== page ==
San Jose State's David Fales is an interesting prospect who could challenge what teams look for in their "prototype" quarterback, in that he seems to excel in the desired passing attributes but lacks in overall arm strength, height and build. Fales was billed as a "dark horse" quarterback prospect in the class who could make his way into the first round, but his senior year didn't quite shake out that way with a brand new coaching staff.
A two year starter at San Jose State, Fales finished with over 8,000 passing yards and 66 touchdowns playing in a different offense each year with the Spartans. A slow start to his final season, including a tough game against Stanford, derailed a lot of his pre-season draft hype, but as the season went on Fales showed more and more why some were high on him as an NFL prospect.
Where David Fales Wins
Fales is an interesting prospect in that he seems to excel in areas that most teams look for in quarterbacks, but some of his physical limitations are going to knock him down the board. For instance, Fales is arguably one of the best anticipation throwers in this draft class, rivaling Teddy Bridgewater. What I mean by anticipation thrower is that Fales often gets the ball out and to the spot the receiver will be before the receiver is out of his break. This often allows him to beat coverages and zones because he knows where the receiver should be and can put the ball there ahead of time.
Fales not only excels in this area, but he does it working the middle of the field and in the intermediate (10-20 yard) range. Coming from a pistol-style type spread offense, a lot of throws are generally quick and short or screens, but Fales seems to work down the field more than you would expect, despite not have great down field velocity on his throws.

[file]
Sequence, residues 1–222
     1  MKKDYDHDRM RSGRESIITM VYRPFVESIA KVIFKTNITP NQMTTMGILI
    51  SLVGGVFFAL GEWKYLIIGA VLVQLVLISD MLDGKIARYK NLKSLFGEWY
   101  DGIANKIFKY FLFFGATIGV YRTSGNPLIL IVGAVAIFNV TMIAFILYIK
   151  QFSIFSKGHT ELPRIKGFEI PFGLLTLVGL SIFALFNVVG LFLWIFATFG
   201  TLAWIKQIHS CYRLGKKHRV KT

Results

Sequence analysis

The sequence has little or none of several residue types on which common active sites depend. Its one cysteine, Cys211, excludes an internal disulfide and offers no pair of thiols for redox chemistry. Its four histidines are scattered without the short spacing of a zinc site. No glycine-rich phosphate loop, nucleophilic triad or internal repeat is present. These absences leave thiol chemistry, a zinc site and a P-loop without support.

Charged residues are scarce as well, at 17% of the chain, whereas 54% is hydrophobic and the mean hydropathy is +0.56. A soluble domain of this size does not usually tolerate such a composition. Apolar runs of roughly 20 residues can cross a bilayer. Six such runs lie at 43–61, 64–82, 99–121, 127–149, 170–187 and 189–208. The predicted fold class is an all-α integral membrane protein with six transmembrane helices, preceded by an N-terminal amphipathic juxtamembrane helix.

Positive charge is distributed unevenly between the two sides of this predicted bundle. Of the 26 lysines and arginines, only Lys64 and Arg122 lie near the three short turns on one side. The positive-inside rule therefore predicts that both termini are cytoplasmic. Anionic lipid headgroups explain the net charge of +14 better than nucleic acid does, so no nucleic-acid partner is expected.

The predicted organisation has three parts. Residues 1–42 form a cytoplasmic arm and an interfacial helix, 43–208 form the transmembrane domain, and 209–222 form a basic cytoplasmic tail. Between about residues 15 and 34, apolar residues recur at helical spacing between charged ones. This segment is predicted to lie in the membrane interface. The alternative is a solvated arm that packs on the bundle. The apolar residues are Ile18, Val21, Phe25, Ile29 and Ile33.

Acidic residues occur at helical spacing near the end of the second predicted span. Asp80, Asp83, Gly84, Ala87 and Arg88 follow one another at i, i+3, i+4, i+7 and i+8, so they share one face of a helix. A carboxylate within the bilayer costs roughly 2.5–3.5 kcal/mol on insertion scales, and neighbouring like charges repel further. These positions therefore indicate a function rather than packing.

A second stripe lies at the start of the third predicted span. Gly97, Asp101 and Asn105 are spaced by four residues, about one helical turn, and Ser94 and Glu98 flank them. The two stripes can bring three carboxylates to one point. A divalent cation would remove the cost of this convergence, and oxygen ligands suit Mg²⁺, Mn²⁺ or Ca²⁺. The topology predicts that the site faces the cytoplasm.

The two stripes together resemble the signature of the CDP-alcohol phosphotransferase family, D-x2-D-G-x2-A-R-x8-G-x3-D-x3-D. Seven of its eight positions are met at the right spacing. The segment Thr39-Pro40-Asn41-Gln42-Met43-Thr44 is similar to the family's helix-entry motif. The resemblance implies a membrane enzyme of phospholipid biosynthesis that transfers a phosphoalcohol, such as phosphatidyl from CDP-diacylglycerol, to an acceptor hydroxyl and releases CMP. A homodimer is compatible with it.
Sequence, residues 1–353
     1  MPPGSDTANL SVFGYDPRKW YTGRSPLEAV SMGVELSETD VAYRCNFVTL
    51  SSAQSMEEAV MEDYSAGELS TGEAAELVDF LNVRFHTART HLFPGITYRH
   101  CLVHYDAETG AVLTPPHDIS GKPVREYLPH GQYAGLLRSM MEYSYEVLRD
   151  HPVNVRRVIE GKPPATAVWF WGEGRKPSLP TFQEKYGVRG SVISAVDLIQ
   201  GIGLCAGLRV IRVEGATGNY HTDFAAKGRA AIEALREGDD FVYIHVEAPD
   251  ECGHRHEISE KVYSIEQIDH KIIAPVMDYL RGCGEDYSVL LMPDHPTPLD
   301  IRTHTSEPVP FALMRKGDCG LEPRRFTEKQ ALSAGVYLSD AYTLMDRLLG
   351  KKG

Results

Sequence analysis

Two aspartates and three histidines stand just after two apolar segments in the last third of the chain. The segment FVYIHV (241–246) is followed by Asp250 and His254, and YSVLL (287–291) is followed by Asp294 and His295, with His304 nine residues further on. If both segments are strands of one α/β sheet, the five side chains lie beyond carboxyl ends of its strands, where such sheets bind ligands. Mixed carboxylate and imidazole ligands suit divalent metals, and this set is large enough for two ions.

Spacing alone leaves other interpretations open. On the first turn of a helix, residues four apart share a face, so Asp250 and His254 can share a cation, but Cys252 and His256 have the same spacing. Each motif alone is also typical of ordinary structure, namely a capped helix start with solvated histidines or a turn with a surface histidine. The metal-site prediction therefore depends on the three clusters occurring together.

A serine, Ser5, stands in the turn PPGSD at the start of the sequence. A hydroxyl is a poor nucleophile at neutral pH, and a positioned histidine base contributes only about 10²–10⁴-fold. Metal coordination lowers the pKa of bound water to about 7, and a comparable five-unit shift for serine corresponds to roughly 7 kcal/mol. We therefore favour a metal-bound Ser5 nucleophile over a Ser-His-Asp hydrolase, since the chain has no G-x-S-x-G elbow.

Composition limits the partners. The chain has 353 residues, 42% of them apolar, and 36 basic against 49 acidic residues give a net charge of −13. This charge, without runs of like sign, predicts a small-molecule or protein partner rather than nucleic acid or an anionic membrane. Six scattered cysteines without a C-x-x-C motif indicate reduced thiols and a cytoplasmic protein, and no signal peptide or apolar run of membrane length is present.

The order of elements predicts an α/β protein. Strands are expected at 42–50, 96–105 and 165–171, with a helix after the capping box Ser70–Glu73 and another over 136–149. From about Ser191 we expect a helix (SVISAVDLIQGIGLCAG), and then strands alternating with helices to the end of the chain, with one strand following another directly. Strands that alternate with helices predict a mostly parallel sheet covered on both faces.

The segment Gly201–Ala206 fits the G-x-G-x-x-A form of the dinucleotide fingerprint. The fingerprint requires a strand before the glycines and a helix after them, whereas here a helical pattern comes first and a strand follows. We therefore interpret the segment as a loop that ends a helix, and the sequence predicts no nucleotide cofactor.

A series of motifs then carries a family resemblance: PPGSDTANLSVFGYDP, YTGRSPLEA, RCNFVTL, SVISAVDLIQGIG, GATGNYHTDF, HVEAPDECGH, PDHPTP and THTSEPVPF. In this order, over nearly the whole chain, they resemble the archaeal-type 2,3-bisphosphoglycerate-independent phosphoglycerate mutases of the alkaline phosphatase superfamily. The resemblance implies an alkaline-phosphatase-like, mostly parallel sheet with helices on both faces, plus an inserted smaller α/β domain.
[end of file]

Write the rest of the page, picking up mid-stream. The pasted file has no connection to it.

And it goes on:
Another big area Fales wins is with his ball placement and part of why his still an adequate down field passer despite the lack of velocity. He routinely puts the ball in a position where his receiver can make a play on the ball. He also shows good touch on different routes, knowing when to put some juice on the throw and when to pull the string. One of the best aspects of Fales game are his back-shoulder throws, setting up receivers well to make a play on the ball on the sideline down the field.
Fales is also an above average athlete who is excellent throwing on the move, but can also pick up some yardage and extend plays if necessary. He also is comfortable throwing in a muddled pocket with bodies around him and isn't afraid to take a shot to make a throw. He shows the ability to slide and move in the pocket when necessary while keeping his eyes down the field.
Where David Fales Needs To Improve
The biggest knock on David Fales in the draft process is going to be his arm strength, which while not a howitzer is adequate for the NFL level. He does struggle on throws 20+ yards with velocity, but he can still hit throws down the field with touch and accuracy, typically the nine route. There are some lower body and footwork mechanics Fales can clean up that will improve his velocity to a certain degree, but in my opinion his arm isn't much different velocity wise than that of Andy Dalton.
While Fales shows good anticipation on some routes, some of the deeper seem routes he can get caught holding the ball and waiting for his receiver to come open rather than throwing it to a spot, which can lead to some defensive backs cutting his seem throws.
In some instances when under pressure Fales will draft backwards and throw falling away and off his back foot, causing the ball to sail. Fales also isn't afraid to pull the trigger on every throw, which can lead to him trying to fit passes into windows he just can't make and turning the ball over. He'll need to become more patient and learn where he can fit passes at the next level.
As mentioned before David Fales shows accuracy, touch and anticipation in the short and intermediate areas of the field passing the football. He's a sound decision maker who's tough in the pocket and can throw on the run/pick up yards with his feet when necessary, but will struggle with his velocity down the field initially. He's a best fit in an up-tempo west-coast style offense that utilizes quick passes in the intermediate area with calculated shots down the field.
Grade: 6.5 - second rounder, eventual starter